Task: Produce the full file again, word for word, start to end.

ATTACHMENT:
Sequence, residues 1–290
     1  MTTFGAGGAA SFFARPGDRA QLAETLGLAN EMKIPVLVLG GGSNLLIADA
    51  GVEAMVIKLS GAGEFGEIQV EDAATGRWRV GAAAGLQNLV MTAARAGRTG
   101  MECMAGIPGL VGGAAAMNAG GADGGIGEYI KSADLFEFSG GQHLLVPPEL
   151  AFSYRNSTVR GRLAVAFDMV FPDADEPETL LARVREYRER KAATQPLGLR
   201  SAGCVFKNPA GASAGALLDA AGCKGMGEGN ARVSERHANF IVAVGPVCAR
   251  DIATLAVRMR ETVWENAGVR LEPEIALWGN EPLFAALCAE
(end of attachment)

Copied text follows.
Sequence, residues 1–290
     1  MTTFGAGGAA SFFARPGDRA QLAETLGLAN EMKIPVLVLG GGSNLLIADA
    51  GVEAMVIKLS GAGEFGEIQV EDAATGRWRV GAAAGLQNLV MTAARAGRTG
   101  MECMAGIPGL VGGAAAMNAG GADGGIGEYI KSADLFEFSG GQHLLVPPEL
   151  AFSYRNSTVR GRLAVAFDMV FPDADEPETL LARVREYRER KAATQPLGLR
   201  SAGCVFKNPA GASAGALLDA AGCKGMGEGN ARVSERHANF IVAVGPVCAR
   251  DIATLAVRMR ETVWENAGVR LEPEIALWGN EPLFAALCAE